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Chinese New Year in Turkey

March 30, 2015

Felik and I had a chance to visit Turkey with Euro Discovery (yes, having boyfriend whose father is running luxury travel agency is a bless). This country is a very popular choice for European and Russian tourist during summer time, thanks to the beautiful and budget friendly resorts. We have celebrated there Chinese New Year (the end of February and the beginning of March) and at these time, there were not many visitors.

Turkey is bigger and more populated that France, and event though we have traveled more than 2000km, we have only visited 30% of the country. Those few amazing days were not enough to understand this country, but it gave us a glimpse of the local culture.

Istanbul. The connection between East and West

Istanbul is one of the most popular tourist destinations in the world. In the beginning of March the town was still covered all over by the snow, and it definitely kept the magic from Orhan Pamuk books. The architecture of Istanbul is beautiful and very unique. While Taskim Square is full of typical Western style bars, the mosques are covering each part of the town. Many parts of Istanbul (and Eastern part of the country) resemble Greece, and the more we were directing ourselves to the West, the vibe was becoming more and more Middle Eastern.


The most beautiful mosque of Istanbul is the Blue Mosque. Another stunning destination for Islamic art was Tokapi Palace (Tokapi Sarayi) which was a home for 25 sultans during almost four hundred sultans.


The East and West connection is not only symbolic. We have passed twice by the First Bosphorus Bridge, which connects the European and Asian part of the country. Even thought, there are many bridges connecting the 2 continents, still the traffic in Istanbul is horrible. The main reason is the difference between the both sides of the town. The costs of living in the Asian part are much lower, but there is far more employment opportunities on the European part. That means that everyday locals prefer to live in the Asian part but work in European parts and government is forced to constructed more connection points.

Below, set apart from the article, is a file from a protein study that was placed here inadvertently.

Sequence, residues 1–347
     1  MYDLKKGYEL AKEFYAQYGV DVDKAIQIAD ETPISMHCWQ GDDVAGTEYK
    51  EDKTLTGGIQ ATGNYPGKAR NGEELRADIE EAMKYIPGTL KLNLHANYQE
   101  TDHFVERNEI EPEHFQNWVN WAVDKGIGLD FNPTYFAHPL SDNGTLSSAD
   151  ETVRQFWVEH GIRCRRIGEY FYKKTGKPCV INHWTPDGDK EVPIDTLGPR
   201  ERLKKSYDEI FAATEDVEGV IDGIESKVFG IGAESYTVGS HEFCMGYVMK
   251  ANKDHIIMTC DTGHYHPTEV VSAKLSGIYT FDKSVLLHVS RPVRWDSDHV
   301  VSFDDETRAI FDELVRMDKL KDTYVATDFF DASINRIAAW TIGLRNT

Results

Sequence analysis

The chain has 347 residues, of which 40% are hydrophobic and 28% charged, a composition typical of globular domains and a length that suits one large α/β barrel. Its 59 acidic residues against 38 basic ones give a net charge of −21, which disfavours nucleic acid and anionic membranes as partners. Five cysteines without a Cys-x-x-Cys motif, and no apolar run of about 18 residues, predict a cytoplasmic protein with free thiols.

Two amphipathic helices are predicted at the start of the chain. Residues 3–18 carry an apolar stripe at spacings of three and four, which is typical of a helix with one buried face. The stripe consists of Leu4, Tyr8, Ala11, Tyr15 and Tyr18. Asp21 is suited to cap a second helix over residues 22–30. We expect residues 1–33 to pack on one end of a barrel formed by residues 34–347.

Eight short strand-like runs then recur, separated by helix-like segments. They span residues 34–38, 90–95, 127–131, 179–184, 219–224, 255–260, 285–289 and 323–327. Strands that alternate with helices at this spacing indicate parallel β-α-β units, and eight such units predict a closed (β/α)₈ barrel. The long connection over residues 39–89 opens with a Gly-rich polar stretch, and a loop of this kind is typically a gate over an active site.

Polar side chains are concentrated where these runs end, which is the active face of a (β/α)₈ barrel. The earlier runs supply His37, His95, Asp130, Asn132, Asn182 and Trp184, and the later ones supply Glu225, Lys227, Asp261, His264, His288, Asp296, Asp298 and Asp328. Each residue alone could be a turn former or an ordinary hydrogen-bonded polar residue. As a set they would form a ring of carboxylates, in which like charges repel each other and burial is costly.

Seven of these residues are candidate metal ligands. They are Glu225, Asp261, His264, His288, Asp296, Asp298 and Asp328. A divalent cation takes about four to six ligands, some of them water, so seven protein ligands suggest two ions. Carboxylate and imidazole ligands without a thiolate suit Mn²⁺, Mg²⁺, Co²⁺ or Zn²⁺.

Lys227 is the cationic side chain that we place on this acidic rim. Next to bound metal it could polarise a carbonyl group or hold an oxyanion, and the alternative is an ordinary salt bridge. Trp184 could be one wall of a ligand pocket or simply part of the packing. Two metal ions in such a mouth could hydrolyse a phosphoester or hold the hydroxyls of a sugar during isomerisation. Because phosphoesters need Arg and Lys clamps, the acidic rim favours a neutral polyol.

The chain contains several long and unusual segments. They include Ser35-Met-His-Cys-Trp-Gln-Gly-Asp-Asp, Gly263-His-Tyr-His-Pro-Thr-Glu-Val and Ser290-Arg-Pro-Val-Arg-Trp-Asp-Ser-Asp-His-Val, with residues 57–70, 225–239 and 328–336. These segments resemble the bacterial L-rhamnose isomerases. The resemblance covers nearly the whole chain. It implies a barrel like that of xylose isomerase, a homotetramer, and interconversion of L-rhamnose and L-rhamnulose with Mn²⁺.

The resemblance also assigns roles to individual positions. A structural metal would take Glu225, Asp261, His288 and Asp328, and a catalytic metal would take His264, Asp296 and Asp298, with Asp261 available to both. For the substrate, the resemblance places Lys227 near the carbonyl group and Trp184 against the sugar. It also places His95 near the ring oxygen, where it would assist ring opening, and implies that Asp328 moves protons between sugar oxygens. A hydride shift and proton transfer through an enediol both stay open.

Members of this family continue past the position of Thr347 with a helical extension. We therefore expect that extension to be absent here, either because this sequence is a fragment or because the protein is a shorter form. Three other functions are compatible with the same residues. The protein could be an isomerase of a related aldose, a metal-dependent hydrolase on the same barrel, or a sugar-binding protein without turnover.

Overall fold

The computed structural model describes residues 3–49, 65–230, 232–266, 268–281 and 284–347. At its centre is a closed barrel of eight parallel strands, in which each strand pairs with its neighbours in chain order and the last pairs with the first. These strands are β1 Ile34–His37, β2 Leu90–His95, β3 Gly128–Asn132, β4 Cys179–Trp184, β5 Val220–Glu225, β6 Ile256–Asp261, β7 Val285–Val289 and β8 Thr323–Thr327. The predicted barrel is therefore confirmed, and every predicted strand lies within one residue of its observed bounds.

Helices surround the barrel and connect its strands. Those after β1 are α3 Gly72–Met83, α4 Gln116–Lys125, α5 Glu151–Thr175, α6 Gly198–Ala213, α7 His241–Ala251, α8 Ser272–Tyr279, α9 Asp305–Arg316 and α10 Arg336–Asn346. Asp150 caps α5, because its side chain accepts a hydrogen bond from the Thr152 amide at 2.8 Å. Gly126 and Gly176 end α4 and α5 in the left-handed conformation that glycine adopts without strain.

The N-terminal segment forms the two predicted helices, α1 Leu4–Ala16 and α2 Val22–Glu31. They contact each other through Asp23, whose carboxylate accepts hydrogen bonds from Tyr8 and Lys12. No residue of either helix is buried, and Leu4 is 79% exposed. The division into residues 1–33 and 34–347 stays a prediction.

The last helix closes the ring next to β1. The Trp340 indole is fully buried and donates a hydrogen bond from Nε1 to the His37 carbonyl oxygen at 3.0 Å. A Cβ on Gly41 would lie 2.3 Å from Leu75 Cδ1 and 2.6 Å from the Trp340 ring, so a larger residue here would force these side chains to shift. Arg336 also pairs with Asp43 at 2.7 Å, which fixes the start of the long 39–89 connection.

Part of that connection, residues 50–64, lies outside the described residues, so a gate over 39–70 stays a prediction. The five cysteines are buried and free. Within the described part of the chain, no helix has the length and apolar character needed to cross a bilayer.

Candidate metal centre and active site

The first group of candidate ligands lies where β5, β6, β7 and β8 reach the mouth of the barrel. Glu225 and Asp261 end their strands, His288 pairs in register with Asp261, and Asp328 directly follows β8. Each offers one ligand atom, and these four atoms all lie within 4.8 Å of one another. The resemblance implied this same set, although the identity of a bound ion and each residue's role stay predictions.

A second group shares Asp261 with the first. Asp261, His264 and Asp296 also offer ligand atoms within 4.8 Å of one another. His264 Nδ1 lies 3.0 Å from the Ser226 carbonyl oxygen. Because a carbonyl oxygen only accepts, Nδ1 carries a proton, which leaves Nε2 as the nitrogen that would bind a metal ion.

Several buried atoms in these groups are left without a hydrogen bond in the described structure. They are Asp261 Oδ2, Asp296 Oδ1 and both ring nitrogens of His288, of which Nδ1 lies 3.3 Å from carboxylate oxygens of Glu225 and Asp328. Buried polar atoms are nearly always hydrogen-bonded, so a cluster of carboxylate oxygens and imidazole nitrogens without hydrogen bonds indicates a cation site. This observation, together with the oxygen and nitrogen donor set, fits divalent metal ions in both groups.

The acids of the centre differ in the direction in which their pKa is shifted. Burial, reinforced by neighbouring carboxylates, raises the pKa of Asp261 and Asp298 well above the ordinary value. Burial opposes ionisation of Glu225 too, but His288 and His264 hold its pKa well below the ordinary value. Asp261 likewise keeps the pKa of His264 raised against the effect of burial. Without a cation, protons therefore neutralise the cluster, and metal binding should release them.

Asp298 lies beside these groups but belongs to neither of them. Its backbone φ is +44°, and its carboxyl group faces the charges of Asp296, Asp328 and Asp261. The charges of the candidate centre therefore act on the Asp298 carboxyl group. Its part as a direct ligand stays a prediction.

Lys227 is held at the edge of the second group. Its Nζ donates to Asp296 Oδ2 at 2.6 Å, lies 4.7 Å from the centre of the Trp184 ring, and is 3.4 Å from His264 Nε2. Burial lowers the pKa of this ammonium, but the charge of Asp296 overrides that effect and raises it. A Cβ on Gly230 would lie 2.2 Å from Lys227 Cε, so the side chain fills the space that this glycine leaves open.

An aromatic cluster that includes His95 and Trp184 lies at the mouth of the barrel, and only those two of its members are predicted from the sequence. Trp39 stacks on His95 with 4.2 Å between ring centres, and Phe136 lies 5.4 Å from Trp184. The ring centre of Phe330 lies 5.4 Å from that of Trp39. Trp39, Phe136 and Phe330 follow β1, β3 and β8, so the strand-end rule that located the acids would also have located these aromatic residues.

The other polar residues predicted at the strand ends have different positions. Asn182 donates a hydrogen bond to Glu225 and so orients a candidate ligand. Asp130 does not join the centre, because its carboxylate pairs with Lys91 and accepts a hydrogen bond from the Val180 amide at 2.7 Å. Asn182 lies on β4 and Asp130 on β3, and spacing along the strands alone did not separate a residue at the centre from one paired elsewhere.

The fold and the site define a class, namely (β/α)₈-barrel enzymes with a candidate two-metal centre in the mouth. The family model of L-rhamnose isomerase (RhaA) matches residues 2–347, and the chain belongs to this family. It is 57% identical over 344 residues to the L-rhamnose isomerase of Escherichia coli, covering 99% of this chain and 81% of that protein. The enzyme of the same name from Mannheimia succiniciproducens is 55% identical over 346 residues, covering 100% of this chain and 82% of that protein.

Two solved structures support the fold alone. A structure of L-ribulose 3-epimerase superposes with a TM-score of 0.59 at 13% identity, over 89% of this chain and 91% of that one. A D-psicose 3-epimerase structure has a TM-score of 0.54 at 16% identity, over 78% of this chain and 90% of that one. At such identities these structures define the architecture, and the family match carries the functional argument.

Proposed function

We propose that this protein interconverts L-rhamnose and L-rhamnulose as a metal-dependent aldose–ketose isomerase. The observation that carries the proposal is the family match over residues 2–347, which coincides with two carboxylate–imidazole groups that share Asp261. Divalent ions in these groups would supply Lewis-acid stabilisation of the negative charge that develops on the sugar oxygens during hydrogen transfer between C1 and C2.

Tourist Attractions in Turkey All fashion-oriented people should definitely visit Bursa, the city that has been the last stop on the great Silk Road from China, and it has been the center of silk production since XV century until today. These days the local vendors offer an amazing selection of very high quality silk and cashmere products. For a little trait it is worth to stop at Koza Han, the “Silk Cotton Market”. The place was built on 1491 by Sultan Beyazit and used as both the silk market and the caravanserai and today is full of nice cafés and bars. IMG_3036-Edit-Edit

Fine silk scarf  from Bursa

Koza Han, the “Silk Cotton Market”

Besides the fabrics, in the town there are 2 beautiful mosques the Grand Mosque (Ulu Cami) and the Green Mosque (Yesil Cami Mosque), the typical Ottoman style mosque, built on the reverse T plan, with stunning interior decorated by mosaic of green tiles. IMG_1775-Edit

Ulu Cami


Green Mosque


Pamukkale (in Turkish “the cotton castle”) was another stop during our journey. The city is famous for its hot springs and travertines, giving an amazing view. Pamukkale and the ancient city Hierapolis, have been both, declared by UNESCO as World Heritage Site.




Final stop of our journey was Cappadocia where we visited the churches in Goreme Open Air Museum and went to the road trip by jeep. In this part of the country we have seen the most breathtaking landscapes.


Goreme Open Air Museum


  Life in Turkey: Gender equality. Islam. Reality

Living In Paris and in Kuala Lumpur I am quite familiar with Islamic culture. Turkey is considered as the most modernized Muslim country. It is impossible to discuss with this statement, as the first president and founder of Turkish Republic, Mustafa Kemal Atatürk, successfully separated the Islamic law from the secular one, abolished the caliphate, as well as the polygamy. In 1926 he successfully passed the new civil code (modeled on the Swiss Civil Code) and since that moment woman in Turkey become equal to the men. It was especially important in the matters like divorce or inheritance. Ataturk strongly believed that the new republic could succeed only if society will become more educated end all Turkish citizens, regardless the gender, will stay united. He also understood the importance of secular law, which he established. Modeled on French Civil law, the new regulations stayed that religion was not forbidden, but it was limited to the private sphere.